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Uncovering Large-Scale Conformational Change in Molecular Dynamics without Prior Knowledge

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Department of Physics, Wake Forest University, Winston-Salem, North Carolina 27109, United States
Department of Mathematics & Statistics, Wake Forest University, Winston-Salem, North Carolina 27109, United States
*E-mail: [email protected]. Phone: +1 (336) 758-4975. Fax: +1 (336) 758-6142.
Cite this: J. Chem. Theory Comput. 2016, 12, 12, 6130–6146
Publication Date (Web):November 1, 2016
Copyright © 2016 American Chemical Society
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As the length of molecular dynamics (MD) trajectories grows with increasing computational power, so does the importance of clustering methods for partitioning trajectories into conformational bins. Of the methods available, the vast majority require users to either have some a priori knowledge about the system to be clustered or to tune clustering parameters through trial and error. Here we present non-parametric uses of two modern clustering techniques suitable for first-pass investigation of an MD trajectory. Being non-parametric, these methods require neither prior knowledge nor parameter tuning. The first method, HDBSCAN, is fast—relative to other popular clustering methods—and is able to group unstructured or intrinsically disordered systems (such as intrinsically disordered proteins, or IDPs) into bins that represent global conformational shifts. HDBSCAN is also useful for determining the overall stability of a system—as it tends to group stable systems into one or two bins—and identifying transition events between metastable states. The second method, iMWK-Means, with explicit rescaling followed by K-Means, while slower than HDBSCAN, performs well with stable, structured systems such as folded proteins and is able to identify higher resolution details such as changes in relative position of secondary structural elements. Used in conjunction, these clustering methods allow a user to discern quickly and without prior knowledge the stability of a simulated system and identify both local and global conformational changes.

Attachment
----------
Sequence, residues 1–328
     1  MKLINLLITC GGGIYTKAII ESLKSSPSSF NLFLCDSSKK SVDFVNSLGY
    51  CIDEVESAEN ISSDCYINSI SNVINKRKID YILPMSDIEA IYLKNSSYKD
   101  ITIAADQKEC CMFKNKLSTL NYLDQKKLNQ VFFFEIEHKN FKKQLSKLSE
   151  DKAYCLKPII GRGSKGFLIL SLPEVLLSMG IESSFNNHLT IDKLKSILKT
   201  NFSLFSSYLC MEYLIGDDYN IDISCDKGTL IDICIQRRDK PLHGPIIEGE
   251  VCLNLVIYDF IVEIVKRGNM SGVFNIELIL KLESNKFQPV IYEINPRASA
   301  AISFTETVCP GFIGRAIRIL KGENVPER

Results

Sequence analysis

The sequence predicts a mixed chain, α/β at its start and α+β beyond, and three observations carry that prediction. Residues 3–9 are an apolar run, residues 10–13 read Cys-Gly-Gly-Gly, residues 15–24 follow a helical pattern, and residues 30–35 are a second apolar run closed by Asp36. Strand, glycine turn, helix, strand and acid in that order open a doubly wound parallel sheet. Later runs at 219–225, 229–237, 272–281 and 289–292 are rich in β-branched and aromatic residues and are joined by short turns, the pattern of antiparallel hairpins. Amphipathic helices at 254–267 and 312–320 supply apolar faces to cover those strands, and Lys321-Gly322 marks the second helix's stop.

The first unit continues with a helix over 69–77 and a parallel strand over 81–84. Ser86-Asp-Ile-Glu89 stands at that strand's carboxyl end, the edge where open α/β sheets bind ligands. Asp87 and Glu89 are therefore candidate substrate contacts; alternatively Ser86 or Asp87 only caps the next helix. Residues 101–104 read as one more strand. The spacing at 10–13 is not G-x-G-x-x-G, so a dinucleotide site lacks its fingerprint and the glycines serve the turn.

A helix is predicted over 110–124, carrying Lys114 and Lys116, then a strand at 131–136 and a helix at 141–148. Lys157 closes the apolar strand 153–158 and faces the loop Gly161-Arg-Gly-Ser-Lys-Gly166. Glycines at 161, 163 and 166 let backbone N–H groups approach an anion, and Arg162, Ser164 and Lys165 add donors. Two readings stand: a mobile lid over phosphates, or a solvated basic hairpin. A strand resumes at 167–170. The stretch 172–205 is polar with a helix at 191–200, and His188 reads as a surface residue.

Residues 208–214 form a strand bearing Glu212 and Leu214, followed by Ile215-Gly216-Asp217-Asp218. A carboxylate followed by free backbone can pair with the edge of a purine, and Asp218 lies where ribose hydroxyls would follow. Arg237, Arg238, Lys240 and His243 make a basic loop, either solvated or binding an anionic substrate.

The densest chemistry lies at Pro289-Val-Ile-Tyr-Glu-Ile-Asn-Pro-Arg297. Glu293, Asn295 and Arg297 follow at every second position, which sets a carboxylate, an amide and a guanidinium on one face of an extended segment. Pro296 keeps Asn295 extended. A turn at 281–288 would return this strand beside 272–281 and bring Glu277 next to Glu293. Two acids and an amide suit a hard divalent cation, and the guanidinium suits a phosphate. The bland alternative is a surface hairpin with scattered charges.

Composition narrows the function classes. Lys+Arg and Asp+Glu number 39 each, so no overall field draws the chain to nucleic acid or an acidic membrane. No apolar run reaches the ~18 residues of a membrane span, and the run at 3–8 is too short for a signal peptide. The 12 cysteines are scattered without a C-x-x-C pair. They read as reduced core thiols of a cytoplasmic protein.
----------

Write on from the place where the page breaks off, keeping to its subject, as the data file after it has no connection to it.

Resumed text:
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The Supporting Information is available free of charge on the ACS Publications website at DOI: 10.1021/acs.jctc.6b00757.

  • Additional cluster visualizations of MutSα, villin headpiece, thrombin, F10, and thrombin aptamer; comparison of K-Means and Amorim–Hennig; correlation of RMSF to clustering results (PDF)

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